Wednesday, September 17, 2008

John McLaughlin's Floating Point (2008): Selected Reviews and Track 'The Voice'

Given that it is Jazz Fusion Week here on Rock Revival there is one man that we could never miss out and that is John McLaughlin, a pioneer in fusion ever since the heady days of Mahivishnu Orchestra.

His new album Floating Point came out earlier in the year, an incredible album blending electric fusion with Indian musicians as only John does best....the reviews have been impressive

All About Jazz

One of the most fluent, evocative and powerful albums in a career filled with high points, Floating Point works because, just as he's accomplished in his own career, McLaughlin has brought together a group of musicians for whom much of the music is far outside their comfort zone.
It's McLaughlin's very trust in his musicians' adaptability—the very same flexibility that encouraged Miles Davis to tell McLaughlin to play as though he'd never played the instrument before on In a Silent Way—that makes Floating Point so compelling. McLaughlin's Indian friends may not have jazz in their blood the way it is in the guitarist's, but by approaching unmistakably western-informed music (often written, however, with linear themes that could easily translate to a more Indo-centric approach) with an eastern mindset, they make Floating Point an album that, in McLaughlin's lengthy discography, is one of his most successful fusion records, with the term fusion referencing the broadest possible definition.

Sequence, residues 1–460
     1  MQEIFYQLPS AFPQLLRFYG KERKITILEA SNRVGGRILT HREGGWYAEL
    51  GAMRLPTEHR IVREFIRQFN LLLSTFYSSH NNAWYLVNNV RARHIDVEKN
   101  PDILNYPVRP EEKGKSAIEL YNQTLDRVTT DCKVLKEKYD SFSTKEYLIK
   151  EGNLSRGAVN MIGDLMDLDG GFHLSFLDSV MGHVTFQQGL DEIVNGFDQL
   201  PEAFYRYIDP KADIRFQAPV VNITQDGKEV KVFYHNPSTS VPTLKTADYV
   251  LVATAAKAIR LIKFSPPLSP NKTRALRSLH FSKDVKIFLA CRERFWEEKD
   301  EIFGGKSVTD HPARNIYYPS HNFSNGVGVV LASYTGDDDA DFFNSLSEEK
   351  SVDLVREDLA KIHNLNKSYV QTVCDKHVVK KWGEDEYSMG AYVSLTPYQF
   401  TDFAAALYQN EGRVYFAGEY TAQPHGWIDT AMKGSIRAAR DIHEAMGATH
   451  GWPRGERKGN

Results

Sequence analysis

As John relates the Floating Point to the interaction between musicians, it could also apply to the music itself. McLaughlin is a master of merging/blending the music of the East and West, but on Floating Point the method is slightly different. John brings the East and West close together, but he doesn’t let them touch: like the hands in the "Creation of Adam" on the Sistine Chapel. The rhythms of the East serve as a foundation while the harmony of the West is suspended above them; each moving parallel to the other at the same time – and the effect on your senses is startling! Your ears react to the melodies, your body reacts to the rhythms; and your mind has to connect the two. But as Funkadelic rightly put it, "Free your mind...and your ass will follow."

The Guardian

Here is 'The Voice"

The Voice - John McLaughlin

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